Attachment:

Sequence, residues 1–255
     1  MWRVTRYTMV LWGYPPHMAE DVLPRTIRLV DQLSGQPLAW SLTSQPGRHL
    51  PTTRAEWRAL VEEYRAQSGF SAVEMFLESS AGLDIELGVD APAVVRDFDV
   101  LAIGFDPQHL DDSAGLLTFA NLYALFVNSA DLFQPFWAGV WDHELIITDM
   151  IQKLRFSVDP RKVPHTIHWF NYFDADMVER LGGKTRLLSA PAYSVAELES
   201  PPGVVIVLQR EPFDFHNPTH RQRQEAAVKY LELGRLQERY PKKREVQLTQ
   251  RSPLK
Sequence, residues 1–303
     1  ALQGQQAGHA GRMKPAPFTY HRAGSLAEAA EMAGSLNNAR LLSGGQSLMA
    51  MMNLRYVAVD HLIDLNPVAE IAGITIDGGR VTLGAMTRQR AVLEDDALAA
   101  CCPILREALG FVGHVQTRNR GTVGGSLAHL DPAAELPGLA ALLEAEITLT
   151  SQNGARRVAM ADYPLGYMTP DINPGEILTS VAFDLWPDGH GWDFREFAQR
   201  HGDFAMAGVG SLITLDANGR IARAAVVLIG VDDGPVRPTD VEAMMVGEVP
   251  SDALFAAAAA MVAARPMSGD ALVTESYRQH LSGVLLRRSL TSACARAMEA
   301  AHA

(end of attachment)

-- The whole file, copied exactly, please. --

Sequence, residues 1–255
     1  MWRVTRYTMV LWGYPPHMAE DVLPRTIRLV DQLSGQPLAW SLTSQPGRHL
    51  PTTRAEWRAL VEEYRAQSGF SAVEMFLESS AGLDIELGVD APAVVRDFDV
   101  LAIGFDPQHL DDSAGLLTFA NLYALFVNSA DLFQPFWAGV WDHELIITDM
   151  IQKLRFSVDP RKVPHTIHWF NYFDADMVER LGGKTRLLSA PAYSVAELES
   201  PPGVVIVLQR EPFDFHNPTH RQRQEAAVKY LELGRLQERY PKKREVQLTQ
   251  RSPLK
Sequence, residues 1–303
     1  ALQGQQAGHA GRMKPAPFTY HRAGSLAEAA EMAGSLNNAR LLSGGQSLMA
    51  MMNLRYVAVD HLIDLNPVAE IAGITIDGGR VTLGAMTRQR AVLEDDALAA
   101  CCPILREALG FVGHVQTRNR GTVGGSLAHL DPAAELPGLA ALLEAEITLT
   151  SQNGARRVAM ADYPLGYMTP DINPGEILTS VAFDLWPDGH GWDFREFAQR
   201  HGDFAMAGVG SLITLDANGR IARAAVVLIG VDDGPVRPTD VEAMMVGEVP
   251  SDALFAAAAA MVAARPMSGD ALVTESYRQH LSGVLLRRSL TSACARAMEA
   301  AHA